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In burkini-banned France, a young Muslim woman made it to top echelon

  • Published at 12:02 am August 31st, 2016
  • Last updated at 01:26 am August 31st, 2016
In burkini-banned France, a young Muslim woman made it to top echelon

France’s first female Education Minister placed herself firmly at the centre of the controversy around the string of “burkini bans” in the country when she spoke out in strong terms against the restrictions.

[caption id="attachment_13314" align="aligncenter" width="750"]najat1 File photos of how Najat Vallaud-Belkacem looked when she was younger[/caption]

Moroccan-born Najat Vallaud-Belkacem, who describes herself as a “non-practicing Muslim”, described the prohibition of burkinis as “a threat to individual freedoms”.

Speaking to French radio channel E1 Matin, the politician said that while she was against women being forced to wear the burkini, she strongly opposed the bans on modest swimwear that have swept across French cities and communes during this summer.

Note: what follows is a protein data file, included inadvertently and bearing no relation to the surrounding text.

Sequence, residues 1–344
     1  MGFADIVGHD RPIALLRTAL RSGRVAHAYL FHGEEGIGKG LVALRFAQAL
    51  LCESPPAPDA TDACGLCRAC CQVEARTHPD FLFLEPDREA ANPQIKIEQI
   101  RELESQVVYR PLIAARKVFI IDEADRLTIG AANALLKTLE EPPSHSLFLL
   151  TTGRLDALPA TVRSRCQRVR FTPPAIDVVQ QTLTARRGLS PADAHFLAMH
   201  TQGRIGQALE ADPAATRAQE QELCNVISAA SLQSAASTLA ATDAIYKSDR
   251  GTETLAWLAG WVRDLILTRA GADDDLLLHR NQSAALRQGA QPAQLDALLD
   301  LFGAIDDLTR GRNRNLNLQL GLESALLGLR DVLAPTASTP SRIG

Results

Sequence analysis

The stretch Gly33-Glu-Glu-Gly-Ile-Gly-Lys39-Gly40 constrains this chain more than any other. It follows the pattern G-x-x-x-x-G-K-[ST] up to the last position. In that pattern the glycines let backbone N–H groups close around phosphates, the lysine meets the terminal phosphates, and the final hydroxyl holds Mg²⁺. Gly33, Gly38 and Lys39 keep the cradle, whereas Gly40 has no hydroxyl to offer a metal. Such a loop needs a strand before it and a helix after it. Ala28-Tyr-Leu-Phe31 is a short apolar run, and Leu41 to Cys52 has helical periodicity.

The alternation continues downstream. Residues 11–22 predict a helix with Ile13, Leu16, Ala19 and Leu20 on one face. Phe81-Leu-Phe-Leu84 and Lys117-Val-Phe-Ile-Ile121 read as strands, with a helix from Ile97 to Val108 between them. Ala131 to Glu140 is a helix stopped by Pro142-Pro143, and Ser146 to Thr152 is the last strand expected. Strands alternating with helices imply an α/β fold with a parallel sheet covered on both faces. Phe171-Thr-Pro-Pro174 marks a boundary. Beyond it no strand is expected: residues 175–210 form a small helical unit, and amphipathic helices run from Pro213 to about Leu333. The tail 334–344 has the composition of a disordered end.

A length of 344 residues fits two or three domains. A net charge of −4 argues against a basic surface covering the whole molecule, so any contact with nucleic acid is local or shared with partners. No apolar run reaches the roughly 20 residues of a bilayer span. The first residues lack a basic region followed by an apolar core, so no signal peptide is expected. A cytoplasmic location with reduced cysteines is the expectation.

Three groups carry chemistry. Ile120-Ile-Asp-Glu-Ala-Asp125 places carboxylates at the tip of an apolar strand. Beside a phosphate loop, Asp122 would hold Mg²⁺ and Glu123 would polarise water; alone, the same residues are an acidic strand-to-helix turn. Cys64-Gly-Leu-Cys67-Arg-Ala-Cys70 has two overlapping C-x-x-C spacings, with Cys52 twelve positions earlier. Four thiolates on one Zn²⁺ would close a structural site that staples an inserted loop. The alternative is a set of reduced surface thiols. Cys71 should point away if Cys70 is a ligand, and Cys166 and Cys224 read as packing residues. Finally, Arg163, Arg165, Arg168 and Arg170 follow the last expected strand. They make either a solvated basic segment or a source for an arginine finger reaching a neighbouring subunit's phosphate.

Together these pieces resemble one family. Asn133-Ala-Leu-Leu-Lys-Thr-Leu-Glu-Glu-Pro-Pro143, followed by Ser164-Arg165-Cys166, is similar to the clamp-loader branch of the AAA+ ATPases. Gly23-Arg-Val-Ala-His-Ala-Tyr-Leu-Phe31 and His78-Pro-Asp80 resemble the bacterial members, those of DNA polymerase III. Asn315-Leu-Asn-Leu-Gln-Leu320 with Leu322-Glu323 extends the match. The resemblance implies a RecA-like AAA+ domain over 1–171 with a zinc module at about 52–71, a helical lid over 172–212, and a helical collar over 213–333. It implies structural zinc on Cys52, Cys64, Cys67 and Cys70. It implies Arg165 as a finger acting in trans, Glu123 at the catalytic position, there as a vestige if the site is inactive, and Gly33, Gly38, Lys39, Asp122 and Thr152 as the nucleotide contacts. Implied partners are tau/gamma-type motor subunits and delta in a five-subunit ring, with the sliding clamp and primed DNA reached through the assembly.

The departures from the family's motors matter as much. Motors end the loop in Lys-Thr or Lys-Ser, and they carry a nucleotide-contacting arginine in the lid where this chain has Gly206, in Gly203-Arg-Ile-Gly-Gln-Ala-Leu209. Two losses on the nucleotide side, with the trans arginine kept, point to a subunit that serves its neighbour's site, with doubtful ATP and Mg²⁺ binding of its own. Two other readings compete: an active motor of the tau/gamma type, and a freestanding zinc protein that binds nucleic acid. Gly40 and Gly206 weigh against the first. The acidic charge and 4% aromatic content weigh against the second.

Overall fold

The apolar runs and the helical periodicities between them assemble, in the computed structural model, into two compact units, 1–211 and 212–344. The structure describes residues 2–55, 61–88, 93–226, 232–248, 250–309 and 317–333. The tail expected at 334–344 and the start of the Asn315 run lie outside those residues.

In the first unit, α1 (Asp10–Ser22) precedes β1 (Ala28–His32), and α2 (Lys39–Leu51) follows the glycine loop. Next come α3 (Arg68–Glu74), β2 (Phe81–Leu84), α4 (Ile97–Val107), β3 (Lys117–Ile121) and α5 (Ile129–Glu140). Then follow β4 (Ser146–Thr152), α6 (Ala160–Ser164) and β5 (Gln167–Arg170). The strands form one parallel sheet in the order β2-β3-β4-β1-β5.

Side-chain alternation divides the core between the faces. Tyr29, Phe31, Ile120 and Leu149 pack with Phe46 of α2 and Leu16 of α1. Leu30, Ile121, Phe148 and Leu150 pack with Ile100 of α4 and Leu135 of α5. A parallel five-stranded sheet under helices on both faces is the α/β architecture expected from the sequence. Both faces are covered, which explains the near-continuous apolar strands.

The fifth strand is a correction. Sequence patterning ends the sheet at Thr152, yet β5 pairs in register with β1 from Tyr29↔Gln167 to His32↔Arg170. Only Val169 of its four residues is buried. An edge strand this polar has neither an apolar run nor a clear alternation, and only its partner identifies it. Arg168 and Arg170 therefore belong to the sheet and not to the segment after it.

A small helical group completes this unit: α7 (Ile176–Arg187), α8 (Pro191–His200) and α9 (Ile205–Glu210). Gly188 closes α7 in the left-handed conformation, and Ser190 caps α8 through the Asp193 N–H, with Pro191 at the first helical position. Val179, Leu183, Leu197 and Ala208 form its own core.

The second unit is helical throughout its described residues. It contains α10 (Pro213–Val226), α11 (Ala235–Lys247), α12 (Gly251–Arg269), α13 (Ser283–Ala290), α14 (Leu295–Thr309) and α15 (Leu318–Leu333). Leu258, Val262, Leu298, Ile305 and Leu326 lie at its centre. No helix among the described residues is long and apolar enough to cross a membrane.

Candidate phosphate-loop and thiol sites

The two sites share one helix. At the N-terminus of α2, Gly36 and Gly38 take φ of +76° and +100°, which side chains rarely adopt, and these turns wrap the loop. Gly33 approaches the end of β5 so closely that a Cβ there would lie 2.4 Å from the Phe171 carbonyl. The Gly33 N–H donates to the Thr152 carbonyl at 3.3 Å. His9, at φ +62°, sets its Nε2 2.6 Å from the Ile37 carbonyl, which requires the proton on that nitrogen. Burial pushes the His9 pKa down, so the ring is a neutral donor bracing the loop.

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[caption id="attachment_13315" align="alignright" width="408"]najat2_1 File photo of Moroccan-born Najat Vallaud-Belkacem, who describes herself as a “non-practicing Muslim” Reuters[/caption]

“If you’re asking me in a general context whether I’m for or against the burkini, the response is simple: I oppose the burkini. I think you know my feminist convictions and know that my dream is a society where women are free to do what they like,” she said.

“But if you ask me whether I agree with the polemic against the burkini in the past week, the response is no. Definitely not.”

Vallaud-Belkacem continued: “I think at this serious time, post-attacks, when many French people are worried, you shouldn’t add fuel to the fire. You should be appeasing people as much as possible, not stigmatising them. The ban of the burkini puts into question people’s individual freedoms.”

[caption id="attachment_13316" align="aligncenter" width="589"]najat2 Najat Vallaud-Belkacem, right before attending a meeting in Brussels Reuters[/caption]

Her words provoked a vicious backlash from the French Prime Minister Manuel Valls, who said the comments were “a bad interpretation” of the ban, insisting the measures were “taken in the name of public order”.